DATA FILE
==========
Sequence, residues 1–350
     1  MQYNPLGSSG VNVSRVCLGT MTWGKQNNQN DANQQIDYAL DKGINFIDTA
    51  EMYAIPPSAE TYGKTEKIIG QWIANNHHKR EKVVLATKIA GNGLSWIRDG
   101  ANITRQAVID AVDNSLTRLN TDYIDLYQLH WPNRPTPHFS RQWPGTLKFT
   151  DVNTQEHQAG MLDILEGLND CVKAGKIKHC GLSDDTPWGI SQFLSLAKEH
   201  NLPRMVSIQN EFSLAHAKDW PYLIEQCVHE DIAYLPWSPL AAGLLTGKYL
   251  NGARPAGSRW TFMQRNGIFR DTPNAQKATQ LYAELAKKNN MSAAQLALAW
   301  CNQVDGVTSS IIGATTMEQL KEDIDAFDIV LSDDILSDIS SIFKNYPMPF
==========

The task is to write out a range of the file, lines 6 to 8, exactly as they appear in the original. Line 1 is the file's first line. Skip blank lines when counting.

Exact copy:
   201  NLPRMVSIQN EFSLAHAKDW PYLIEQCVHE DIAYLPWSPL AAGLLTGKYL
   251  NGARPAGSRW TFMQRNGIFR DTPNAQKATQ LYAELAKKNN MSAAQLALAW
   301  CNQVDGVTSS IIGATTMEQL KEDIDAFDIV LSDDILSDIS SIFKNYPMPF